US House Speaker Ryan: Republican nominee must reject bigotry

Ryan: Republican Nominee Must Reject Bigotry
Ryan: Republican Nominee Must Reject Bigotry

WASHINGTON, March 1 (Reuters) - U.S. House of Representatives Speaker Paul Ryan said on Tuesday that the Republican presidential nominee must reject any group "built on bigotry," an admonishment aimed at Donald Trump after the front-runner failed to disavow a white supremacist group in an interview.

"If a person wants to be the nominee of the Republican Party, there must be no evasion and no games. They must reject any group or cause that is built on bigotry," Ryan told reporters after a Republican Party meeting.

SEE ALSO: Here's who has the best chance at being our next president

"This party does not prey on peoples' prejudices. We appeal to their highest ideals," Ryan said.

Until now Ryan, a former vice presidential candidate, has tried to stay out of the 2016 presidential race by sidestepping questions. He reiterated on Tuesday he would support whoever becomes the Republican nominee.

But the Republican speaker was clearly unhappy with an interview that Trump gave to CNN on Sunday in which the candidate did not clearly condemn white supremacist support.

RELATED GALLERY: See photos of Super Tuesday across the country

Ryan's comments came as many in the Republican Party struggle to come to terms with the growing possibility that Trump will be their nominee, with some Republicans repudiating him while others offer him their support.

%shareLinks-quote="If a person wants to be the nominee of the Republican Party, there must be no evasion and no games. They must reject any group or cause that is built on bigotry" type="quote" author="Paul Ryan" authordesc="" isquoteoftheday="false"%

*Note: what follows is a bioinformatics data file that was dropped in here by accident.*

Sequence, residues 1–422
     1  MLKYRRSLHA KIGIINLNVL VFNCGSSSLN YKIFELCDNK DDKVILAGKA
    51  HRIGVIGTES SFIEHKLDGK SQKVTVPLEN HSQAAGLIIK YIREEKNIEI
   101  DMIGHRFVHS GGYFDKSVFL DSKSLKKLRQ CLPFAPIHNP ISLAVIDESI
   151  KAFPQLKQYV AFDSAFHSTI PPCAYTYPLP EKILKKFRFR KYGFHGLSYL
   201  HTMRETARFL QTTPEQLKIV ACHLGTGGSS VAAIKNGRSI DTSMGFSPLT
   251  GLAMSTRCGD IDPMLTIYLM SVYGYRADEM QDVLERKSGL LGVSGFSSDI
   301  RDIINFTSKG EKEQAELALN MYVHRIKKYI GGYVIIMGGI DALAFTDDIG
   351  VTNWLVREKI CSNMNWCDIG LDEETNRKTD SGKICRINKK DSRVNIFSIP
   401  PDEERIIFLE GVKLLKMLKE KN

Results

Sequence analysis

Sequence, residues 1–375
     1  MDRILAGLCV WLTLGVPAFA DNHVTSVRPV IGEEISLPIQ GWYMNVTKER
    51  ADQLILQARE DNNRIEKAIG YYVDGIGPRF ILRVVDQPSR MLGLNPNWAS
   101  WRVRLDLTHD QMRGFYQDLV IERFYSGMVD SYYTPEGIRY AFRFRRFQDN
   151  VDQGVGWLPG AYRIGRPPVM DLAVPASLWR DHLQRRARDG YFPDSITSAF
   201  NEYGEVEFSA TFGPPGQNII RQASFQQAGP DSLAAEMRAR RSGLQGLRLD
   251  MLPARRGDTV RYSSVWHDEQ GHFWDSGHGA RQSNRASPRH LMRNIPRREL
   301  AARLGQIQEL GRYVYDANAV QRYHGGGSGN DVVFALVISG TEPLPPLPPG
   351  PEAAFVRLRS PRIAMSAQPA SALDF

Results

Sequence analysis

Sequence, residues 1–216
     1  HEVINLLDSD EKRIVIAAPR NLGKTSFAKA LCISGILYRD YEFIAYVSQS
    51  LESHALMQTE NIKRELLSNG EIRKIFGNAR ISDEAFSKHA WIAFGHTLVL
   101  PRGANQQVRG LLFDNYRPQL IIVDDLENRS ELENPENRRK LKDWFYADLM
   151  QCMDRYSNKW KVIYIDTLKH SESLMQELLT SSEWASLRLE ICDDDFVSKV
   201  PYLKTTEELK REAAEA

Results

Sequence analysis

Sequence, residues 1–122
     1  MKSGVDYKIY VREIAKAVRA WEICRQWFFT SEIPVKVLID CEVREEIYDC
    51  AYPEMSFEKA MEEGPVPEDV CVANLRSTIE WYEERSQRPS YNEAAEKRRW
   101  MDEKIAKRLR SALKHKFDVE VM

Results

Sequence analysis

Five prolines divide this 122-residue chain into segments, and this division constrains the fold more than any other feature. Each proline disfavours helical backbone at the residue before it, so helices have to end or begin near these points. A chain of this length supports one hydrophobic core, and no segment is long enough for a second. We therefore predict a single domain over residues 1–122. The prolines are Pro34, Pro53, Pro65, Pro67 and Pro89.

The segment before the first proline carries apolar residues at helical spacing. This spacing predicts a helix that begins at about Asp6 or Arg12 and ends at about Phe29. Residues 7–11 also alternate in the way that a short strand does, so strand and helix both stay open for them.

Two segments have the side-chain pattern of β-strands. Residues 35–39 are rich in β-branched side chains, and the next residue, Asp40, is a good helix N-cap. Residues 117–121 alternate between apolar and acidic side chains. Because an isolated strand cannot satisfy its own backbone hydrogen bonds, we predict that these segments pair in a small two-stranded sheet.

Ryan spoke on Super Tuesday, the biggest voting day in the race to pick the 2016 presidential nominees for the November election. A number of Southern states including Virginia are holding contests, and opinion polls show Trump is likely to consolidate his status as the favorite to win the nomination.

"We should be having a serious debate about the policies needed to restore the American idea. Instead the conversation over the last few days has been about white supremacist groups," Ryan told reporters.

"As you know, I try to stay out of the day-to-day ups and downs of the primaries. But I've also said when I see something that runs counter to who we are as a party and as a country, I will speak up," the speaker said. He added that he hoped it was the last time he would have to speak out on the presidential race.


More on AOL.com:
Nobel laureate Vargas Llosa calls Trump a 'clown and a fascist'
New bin Laden documents show a suspicious, pressured al Qaeda
A group of 30 black students were reportedly removed from a Donald Trump rally before it even started